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Immigrants to Canada praise the country's peace

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Immigrants to Canada frequently comment that the country is very peaceful -- especially compared to their home countries. A total of 82 people from 30 countries, from El Salvador to Ethiopia to China, were sworn in as citizens on 17 Oct. in a ceremony that marked the start of Citizenship Week.

"It's a great country to live in," said Aji Awid, 24, who came to Canada three years ago from Lebanon. "You feel the peace here."

Pennymichael Atta-Mensah, 35, who is from Ghana, decided to become a Canadian after attending a peacekeeping course in Nova Scotia as a member of Ghana's military in 1999.

"I like the calmness of Canada. Everybody is so friendly," he said.

The new citizens and their friends and relatives who packed the citizenship courtroom in Canada Place chatted in a myriad of accents and took digital pictures of each other by the Canadian flag as they awaited chief citizenship court Judge Michel Simard. Someone hummed O Canada.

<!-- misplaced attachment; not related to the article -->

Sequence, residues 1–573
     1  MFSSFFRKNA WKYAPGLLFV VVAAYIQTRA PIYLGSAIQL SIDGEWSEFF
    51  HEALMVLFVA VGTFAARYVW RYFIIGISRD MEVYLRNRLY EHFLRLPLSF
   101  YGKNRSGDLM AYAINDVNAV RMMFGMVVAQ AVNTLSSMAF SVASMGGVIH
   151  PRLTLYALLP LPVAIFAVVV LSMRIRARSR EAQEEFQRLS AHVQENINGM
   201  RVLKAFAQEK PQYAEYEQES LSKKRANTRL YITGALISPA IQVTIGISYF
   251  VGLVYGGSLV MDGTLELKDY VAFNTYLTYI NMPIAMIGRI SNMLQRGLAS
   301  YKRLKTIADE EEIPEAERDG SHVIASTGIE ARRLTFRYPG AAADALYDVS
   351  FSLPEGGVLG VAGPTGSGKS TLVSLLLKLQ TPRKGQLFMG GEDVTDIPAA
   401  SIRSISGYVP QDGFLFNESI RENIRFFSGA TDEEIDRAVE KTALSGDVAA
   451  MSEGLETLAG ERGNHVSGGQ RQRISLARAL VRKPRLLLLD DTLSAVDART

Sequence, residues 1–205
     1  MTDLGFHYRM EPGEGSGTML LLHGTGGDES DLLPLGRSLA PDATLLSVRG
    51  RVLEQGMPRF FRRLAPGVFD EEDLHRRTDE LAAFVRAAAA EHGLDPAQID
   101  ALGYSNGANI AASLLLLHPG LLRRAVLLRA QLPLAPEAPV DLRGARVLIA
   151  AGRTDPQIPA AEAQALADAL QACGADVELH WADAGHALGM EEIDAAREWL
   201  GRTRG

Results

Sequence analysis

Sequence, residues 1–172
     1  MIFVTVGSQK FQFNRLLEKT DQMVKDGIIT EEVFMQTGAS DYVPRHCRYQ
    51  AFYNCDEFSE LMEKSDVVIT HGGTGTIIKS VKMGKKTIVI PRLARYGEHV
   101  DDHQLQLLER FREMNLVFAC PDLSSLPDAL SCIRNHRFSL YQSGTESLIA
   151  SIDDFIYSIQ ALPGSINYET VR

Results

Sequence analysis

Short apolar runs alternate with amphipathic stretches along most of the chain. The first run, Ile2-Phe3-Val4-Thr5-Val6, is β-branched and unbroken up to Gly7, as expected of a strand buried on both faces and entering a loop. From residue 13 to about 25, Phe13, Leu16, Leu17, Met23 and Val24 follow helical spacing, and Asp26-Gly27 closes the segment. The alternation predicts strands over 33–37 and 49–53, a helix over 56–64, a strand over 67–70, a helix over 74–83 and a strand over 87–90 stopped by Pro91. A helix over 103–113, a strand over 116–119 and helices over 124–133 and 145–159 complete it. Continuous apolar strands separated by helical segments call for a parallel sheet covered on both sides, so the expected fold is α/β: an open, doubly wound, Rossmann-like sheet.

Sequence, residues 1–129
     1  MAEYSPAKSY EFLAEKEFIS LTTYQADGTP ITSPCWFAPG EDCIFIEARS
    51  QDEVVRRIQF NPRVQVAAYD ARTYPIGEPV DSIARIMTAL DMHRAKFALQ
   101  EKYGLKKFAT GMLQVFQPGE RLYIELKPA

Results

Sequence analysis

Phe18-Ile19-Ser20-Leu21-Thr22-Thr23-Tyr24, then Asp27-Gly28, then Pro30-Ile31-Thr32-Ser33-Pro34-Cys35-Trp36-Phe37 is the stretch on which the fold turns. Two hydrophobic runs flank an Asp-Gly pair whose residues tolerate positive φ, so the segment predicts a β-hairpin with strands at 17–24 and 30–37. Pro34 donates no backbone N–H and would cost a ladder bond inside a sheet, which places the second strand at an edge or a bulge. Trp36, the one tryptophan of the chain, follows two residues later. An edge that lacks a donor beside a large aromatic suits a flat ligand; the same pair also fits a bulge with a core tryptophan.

For some of the people, becoming a citizen was a long-delayed step they could have taken years ago.

Malcolm Pearson, a 66-year-old retired charter accountant, immigrated from Huddersfield, England 37 years ago.

"It doesn't pay to rush things -- Rome wasn't built in a day," he joked, a Yorkshire accent evident in his speech. "But to be perfectly honest, I don't feel that much different -- I've been here so long."

Michael Batac, from the Philippines, was sworn in along with his wife Julienne and his son Jason. His daughter, Julia, was already a citizen because she was born here.

Batac decided to give Canada a try because he already had relatives here.

Simard told the new citizens that they "have been forced to walk a long, difficult road, but we are glad the road has led to us." He encouraged the new citizens to get to know their neighbours, especially older people who can provide perspective on how Canada has evolved.